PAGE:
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Intersection of Life and Faith

German Rocker Mixes It Up on Self-Titled Stateside Debut

  • Teri Modisette CCM Magazine
  • 2005 10 Oct
  • COMMENTS
German Rocker Mixes It Up on Self-Titled Stateside Debut

Artist:  Sarah Brendel
Title:  "Sarah Brendel"
Label:  Inpop

Sarah Brendel may be new to American audiences, but in her native Germany she's spent the past three years building quite the profile in the national pop/rock scene. In addition to spending months on end climbing airplay charts, she scored the soundtrack standout "Take My Heart" for the motion picture "The Poet" and performed for an audience of 100,000 in the city of Stuttgart's world class stadium.

You could call Brendel a rock chick, but that’s somewhat narrow when you consider that no two songs on her U.S. debut are alike. Brendel mixes it up with a little sweet, a little crunch, a little punch.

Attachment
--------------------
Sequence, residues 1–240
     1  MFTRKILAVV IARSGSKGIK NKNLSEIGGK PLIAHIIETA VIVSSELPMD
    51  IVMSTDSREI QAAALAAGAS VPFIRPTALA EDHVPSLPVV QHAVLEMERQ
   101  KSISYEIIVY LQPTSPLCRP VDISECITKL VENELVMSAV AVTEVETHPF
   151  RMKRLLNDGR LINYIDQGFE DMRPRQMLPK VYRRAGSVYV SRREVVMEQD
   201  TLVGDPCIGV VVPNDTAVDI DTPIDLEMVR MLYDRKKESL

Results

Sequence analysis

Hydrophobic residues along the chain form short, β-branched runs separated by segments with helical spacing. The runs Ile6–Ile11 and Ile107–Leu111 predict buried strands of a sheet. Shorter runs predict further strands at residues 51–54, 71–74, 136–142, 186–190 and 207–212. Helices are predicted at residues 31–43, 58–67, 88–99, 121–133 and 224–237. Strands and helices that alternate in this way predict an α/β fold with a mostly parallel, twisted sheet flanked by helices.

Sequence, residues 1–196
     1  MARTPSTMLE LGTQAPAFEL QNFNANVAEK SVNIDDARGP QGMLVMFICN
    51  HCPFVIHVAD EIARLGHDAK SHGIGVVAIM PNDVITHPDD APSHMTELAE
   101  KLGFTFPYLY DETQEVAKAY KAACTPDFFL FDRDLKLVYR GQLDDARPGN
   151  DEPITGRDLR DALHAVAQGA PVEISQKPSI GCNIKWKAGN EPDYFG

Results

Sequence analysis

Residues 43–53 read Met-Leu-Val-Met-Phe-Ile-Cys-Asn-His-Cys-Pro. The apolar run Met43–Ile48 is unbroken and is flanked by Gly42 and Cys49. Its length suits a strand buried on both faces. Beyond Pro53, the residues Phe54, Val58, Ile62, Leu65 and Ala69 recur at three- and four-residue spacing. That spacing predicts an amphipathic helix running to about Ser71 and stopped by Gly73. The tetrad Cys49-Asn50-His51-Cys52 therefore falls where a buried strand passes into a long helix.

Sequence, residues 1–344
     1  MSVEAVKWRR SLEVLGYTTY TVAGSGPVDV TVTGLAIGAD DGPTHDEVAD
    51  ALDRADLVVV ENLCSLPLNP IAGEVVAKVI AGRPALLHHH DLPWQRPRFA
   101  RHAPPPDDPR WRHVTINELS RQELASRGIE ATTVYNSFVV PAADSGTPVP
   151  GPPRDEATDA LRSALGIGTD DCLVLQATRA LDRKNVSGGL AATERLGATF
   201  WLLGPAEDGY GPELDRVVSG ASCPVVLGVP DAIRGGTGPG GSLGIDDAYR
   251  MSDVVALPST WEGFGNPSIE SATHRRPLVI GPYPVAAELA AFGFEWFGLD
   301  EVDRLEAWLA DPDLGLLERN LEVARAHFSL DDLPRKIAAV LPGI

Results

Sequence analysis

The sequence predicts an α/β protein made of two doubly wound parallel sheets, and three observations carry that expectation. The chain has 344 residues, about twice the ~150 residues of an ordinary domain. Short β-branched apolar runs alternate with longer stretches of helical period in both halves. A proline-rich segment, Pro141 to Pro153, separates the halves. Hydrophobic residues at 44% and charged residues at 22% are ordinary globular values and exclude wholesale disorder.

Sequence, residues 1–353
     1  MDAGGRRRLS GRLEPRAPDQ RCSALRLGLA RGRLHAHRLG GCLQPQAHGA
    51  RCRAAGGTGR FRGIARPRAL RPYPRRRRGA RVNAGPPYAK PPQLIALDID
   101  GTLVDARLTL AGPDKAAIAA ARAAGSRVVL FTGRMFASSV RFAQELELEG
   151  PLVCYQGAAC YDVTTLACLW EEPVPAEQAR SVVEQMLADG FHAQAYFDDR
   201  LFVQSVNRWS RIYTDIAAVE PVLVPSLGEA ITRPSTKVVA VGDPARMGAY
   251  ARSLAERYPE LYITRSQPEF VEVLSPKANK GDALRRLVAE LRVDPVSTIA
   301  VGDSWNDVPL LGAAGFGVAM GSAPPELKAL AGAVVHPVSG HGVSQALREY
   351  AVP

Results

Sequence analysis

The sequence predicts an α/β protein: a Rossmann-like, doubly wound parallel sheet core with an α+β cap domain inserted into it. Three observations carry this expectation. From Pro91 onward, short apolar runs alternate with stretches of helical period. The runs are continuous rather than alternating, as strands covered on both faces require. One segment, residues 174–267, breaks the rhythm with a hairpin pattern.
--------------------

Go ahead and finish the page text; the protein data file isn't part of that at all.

“Commodity,” the opening track, begins with a Duran Duran-esque hook, then morphs into a delicious modern rock offering. “Turn” is a smoother ballad with serene strings and meditative vocals. The rich “Pardon Me” serves up a cry for the mercy of God. And Brendel uses inspiration from musical influences Bob Dylan and Larry Norman to spice up the sonic mix on “King I Love,” a no-apologies, folksy gospel in which she declares her simple affection for Jesus.

Put all the differing flavors together, and you’ll find the singer/songwriter has one distinct advantage on this disc: her lyrics. It‘s possible that Sarah Brendel will make a few “misheard lyrics” lists because she is difficult to understand at first. But stop, savor and listen – you’ll be rewarded. Her word mixtures and unusual, compelling descriptors bring out the sparkle in the language, despite her heavy accent: “Now the ocean’s burning/ but I will soothe the flame/ I got a message from over the moon/ now I know I got the fire to conquer the gloom.”

Brendel’s fresh, energizing prose will quench the thirst of anyone hoping for something beyond the bland, recycled phrases of the past.


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